This time, when I click play, it is with conscious awareness that I will never have that moment of hearing it for the first time ever again. I savor it, letting Phillipa’s voice fill my mind and admiring how she brings Gracie to life.
I’m three blocks away before I have to turn it off – again.
There is a very exquisite agony in a finished product: it’s done – yes! But that means there is no room for change. My critical brain is overworked analyzing every word and turn of phrase, while editing even while I’m listening.
I send a quick text to my agent, who – very politely and with the utmost sensitivity possible – tells me to relax.
Alright Alright ! I hit back. If stopping anxiety were this easy, I wouldn’t have maximized the benefits of my therapy in two months.
But his digital confidence calms me down enough to hit play again. I have reread the book so often that I feel dizzy when I see the text. It went through beta players and two editors, as well as line edits and audio editions. Then I read it again (and again). Of course, all the glaring errors have already been detected.
So I settle in as I walk, letting Phillipa’s voice draw me into the story and dealing with the impossible task of putting myself in the listener’s shoes. And I’m stunned by the versatility of the performance. The characters get a brilliance and depth that I had hoped to achieve through the text, but are supercharged by the intimacy of hearing the nuance in her voice as she describes them each. I’m learning my own style. Until I heard it, I didn’t realize that when I read the story to myself, I emphasized certain words or phrases. It opens up a new way of looking at my story, and it’s a gift I’m grateful for.
At one point, I find myself walking down the same street I’m listening to a description of and pulling up to the very art gallery where I placed a scene as Phillipa recounts it. It’s a strange deja vu, to have the echo of writing memories of this part while listening to the finished product.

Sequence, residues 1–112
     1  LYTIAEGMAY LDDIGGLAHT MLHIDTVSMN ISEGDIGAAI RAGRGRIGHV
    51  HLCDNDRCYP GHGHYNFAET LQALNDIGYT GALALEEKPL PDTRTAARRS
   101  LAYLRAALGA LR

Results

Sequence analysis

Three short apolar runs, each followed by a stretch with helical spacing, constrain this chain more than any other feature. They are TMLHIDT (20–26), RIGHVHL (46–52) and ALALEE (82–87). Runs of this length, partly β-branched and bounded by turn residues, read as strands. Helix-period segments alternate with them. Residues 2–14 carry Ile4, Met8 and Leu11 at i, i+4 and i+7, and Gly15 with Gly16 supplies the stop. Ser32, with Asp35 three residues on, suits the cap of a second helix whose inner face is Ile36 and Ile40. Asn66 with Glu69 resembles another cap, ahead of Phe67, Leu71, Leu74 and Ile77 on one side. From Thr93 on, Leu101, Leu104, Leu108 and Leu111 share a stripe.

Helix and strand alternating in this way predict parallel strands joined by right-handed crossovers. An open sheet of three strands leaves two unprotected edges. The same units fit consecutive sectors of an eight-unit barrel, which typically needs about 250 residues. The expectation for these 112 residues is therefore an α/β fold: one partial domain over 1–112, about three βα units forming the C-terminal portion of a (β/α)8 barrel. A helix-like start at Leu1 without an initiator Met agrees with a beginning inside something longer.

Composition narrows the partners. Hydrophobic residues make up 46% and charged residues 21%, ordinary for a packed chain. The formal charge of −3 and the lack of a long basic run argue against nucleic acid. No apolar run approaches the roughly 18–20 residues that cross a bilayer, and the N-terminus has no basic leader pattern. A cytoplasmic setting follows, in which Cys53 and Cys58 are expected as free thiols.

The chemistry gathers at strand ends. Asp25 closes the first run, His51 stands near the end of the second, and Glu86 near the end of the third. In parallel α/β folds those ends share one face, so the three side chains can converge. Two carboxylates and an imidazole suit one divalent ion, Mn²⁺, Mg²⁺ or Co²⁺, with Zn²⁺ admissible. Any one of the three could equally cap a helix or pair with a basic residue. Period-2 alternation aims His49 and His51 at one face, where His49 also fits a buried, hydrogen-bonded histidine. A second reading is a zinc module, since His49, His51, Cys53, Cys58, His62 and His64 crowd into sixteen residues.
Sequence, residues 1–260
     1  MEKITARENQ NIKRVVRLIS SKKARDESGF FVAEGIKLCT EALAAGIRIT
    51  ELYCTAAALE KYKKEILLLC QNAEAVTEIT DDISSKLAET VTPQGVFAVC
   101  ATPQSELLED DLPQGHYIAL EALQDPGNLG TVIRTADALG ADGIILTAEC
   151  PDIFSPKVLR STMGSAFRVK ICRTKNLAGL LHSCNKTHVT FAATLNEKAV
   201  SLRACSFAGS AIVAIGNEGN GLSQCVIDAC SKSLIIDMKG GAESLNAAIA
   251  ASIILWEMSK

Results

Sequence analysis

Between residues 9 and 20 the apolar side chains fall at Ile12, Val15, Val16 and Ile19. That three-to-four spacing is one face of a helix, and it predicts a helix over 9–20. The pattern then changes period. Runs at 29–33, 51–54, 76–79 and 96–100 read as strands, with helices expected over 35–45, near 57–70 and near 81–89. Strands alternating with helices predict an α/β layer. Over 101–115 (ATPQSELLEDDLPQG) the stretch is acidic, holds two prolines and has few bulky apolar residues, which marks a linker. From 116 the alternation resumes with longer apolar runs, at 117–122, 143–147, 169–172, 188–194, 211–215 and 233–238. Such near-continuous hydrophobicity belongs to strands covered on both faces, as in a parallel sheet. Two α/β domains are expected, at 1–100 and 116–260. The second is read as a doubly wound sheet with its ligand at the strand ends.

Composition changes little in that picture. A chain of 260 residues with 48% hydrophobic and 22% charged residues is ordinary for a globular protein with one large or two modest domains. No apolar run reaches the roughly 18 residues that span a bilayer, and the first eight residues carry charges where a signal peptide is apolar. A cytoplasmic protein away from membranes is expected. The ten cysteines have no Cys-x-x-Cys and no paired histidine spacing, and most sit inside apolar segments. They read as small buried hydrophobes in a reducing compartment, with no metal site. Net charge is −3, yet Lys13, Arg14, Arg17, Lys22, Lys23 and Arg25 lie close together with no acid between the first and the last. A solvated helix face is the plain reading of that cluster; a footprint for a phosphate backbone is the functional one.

It takes me a week to listen to the entire book, and every minute is spent in motion. While running or walking, my speed is dictated by the rhythm of the story. At one point, I realize that I have slowed down to a snail’s pace as I try to focus on a scene. When cooking or cleaning, I bless the audio gods that I can multitask an enjoyable activity (my book) with a tedious chore (nothing domestic). It slips into the corners of my day. I find myself waiting breathlessly when I know a pivotal scene is brewing – a scene that makes me cry when I wrote it, and that makes me cry again when I hear it.
I finish on a Tuesday evening, around 11 p.m. At that point, I dissociated myself enough from the text to quietly listen to the last lines in a dark room.
When it’s done, I sit there for a moment, thinking about Phillipa’s performance and the power of the performer who created the voice that is now Gracie in my mind.
Then I start listening again from the beginning.
Author Lily Chu writes under a pseudonym and is an employee of The Globe and Mail.